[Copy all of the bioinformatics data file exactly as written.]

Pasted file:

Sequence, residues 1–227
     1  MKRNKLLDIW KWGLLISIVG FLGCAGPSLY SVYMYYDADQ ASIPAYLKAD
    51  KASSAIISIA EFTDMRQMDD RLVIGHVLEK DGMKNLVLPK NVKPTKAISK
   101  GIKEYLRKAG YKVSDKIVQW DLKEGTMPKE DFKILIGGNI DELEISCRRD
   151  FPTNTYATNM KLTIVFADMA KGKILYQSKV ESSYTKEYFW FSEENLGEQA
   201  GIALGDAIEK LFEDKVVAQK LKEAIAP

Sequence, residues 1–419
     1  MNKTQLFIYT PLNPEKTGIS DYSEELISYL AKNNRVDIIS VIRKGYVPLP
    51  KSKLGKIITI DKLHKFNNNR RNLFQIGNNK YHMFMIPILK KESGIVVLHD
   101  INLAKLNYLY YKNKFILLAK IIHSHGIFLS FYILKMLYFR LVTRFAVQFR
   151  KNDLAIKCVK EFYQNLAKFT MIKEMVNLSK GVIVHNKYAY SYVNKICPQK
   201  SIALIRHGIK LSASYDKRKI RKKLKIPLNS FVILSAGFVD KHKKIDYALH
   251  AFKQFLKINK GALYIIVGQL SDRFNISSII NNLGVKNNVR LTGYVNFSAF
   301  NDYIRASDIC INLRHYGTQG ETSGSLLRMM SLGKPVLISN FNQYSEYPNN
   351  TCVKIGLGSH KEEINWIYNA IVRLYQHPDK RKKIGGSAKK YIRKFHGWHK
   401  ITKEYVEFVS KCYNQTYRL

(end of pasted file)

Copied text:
Sequence, residues 1–227
     1  MKRNKLLDIW KWGLLISIVG FLGCAGPSLY SVYMYYDADQ ASIPAYLKAD
    51  KASSAIISIA EFTDMRQMDD RLVIGHVLEK DGMKNLVLPK NVKPTKAISK
   101  GIKEYLRKAG YKVSDKIVQW DLKEGTMPKE DFKILIGGNI DELEISCRRD
   151  FPTNTYATNM KLTIVFADMA KGKILYQSKV ESSYTKEYFW FSEENLGEQA
   201  GIALGDAIEK LFEDKVVAQK LKEAIAP

Sequence, residues 1–419
     1  MNKTQLFIYT PLNPEKTGIS DYSEELISYL AKNNRVDIIS VIRKGYVPLP
    51  KSKLGKIITI DKLHKFNNNR RNLFQIGNNK YHMFMIPILK KESGIVVLHD
   101  INLAKLNYLY YKNKFILLAK IIHSHGIFLS FYILKMLYFR LVTRFAVQFR
   151  KNDLAIKCVK EFYQNLAKFT MIKEMVNLSK GVIVHNKYAY SYVNKICPQK
   201  SIALIRHGIK LSASYDKRKI RKKLKIPLNS FVILSAGFVD KHKKIDYALH
   251  AFKQFLKINK GALYIIVGQL SDRFNISSII NNLGVKNNVR LTGYVNFSAF
   301  NDYIRASDIC INLRHYGTQG ETSGSLLRMM SLGKPVLISN FNQYSEYPNN
   351  TCVKIGLGSH KEEINWIYNA IVRLYQHPDK RKKIGGSAKK YIRKFHGWHK
   401  ITKEYVEFVS KCYNQTYRL